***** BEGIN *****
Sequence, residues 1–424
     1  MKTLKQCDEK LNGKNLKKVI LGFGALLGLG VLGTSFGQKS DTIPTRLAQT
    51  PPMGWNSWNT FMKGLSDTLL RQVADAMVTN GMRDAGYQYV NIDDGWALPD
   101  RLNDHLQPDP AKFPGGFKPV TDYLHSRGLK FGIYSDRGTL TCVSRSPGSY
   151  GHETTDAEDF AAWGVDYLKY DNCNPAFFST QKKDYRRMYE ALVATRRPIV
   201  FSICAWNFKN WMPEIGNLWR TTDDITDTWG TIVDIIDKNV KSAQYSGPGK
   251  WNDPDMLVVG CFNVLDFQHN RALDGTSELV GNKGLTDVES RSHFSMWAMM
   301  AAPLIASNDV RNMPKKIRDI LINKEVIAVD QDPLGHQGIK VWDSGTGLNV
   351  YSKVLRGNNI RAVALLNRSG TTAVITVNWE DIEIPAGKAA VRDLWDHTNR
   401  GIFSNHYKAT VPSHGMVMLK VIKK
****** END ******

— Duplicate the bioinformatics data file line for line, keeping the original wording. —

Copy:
Sequence, residues 1–424
     1  MKTLKQCDEK LNGKNLKKVI LGFGALLGLG VLGTSFGQKS DTIPTRLAQT
    51  PPMGWNSWNT FMKGLSDTLL RQVADAMVTN GMRDAGYQYV NIDDGWALPD
   101  RLNDHLQPDP AKFPGGFKPV TDYLHSRGLK FGIYSDRGTL TCVSRSPGSY
   151  GHETTDAEDF AAWGVDYLKY DNCNPAFFST QKKDYRRMYE ALVATRRPIV
   201  FSICAWNFKN WMPEIGNLWR TTDDITDTWG TIVDIIDKNV KSAQYSGPGK
   251  WNDPDMLVVG CFNVLDFQHN RALDGTSELV GNKGLTDVES RSHFSMWAMM
   301  AAPLIASNDV RNMPKKIRDI LINKEVIAVD QDPLGHQGIK VWDSGTGLNV
   351  YSKVLRGNNI RAVALLNRSG TTAVITVNWE DIEIPAGKAA VRDLWDHTNR
   401  GIFSNHYKAT VPSHGMVMLK VIKK